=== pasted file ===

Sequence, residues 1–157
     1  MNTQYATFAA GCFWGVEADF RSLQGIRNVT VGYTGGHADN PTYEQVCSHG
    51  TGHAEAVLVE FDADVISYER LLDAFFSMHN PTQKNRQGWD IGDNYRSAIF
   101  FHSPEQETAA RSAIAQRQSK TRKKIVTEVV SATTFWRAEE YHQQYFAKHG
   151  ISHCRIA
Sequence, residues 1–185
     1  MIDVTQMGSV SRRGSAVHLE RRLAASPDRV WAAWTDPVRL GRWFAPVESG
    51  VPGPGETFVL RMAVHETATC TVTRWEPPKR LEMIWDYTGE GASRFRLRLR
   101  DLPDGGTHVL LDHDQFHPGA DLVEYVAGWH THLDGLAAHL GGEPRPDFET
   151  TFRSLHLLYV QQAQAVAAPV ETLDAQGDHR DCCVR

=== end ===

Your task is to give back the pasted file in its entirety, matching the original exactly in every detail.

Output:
Sequence, residues 1–157
     1  MNTQYATFAA GCFWGVEADF RSLQGIRNVT VGYTGGHADN PTYEQVCSHG
    51  TGHAEAVLVE FDADVISYER LLDAFFSMHN PTQKNRQGWD IGDNYRSAIF
   101  FHSPEQETAA RSAIAQRQSK TRKKIVTEVV SATTFWRAEE YHQQYFAKHG
   151  ISHCRIA
Sequence, residues 1–185
     1  MIDVTQMGSV SRRGSAVHLE RRLAASPDRV WAAWTDPVRL GRWFAPVESG
    51  VPGPGETFVL RMAVHETATC TVTRWEPPKR LEMIWDYTGE GASRFRLRLR
   101  DLPDGGTHVL LDHDQFHPGA DLVEYVAGWH THLDGLAAHL GGEPRPDFET
   151  TFRSLHLLYV QQAQAVAAPV ETLDAQGDHR DCCVR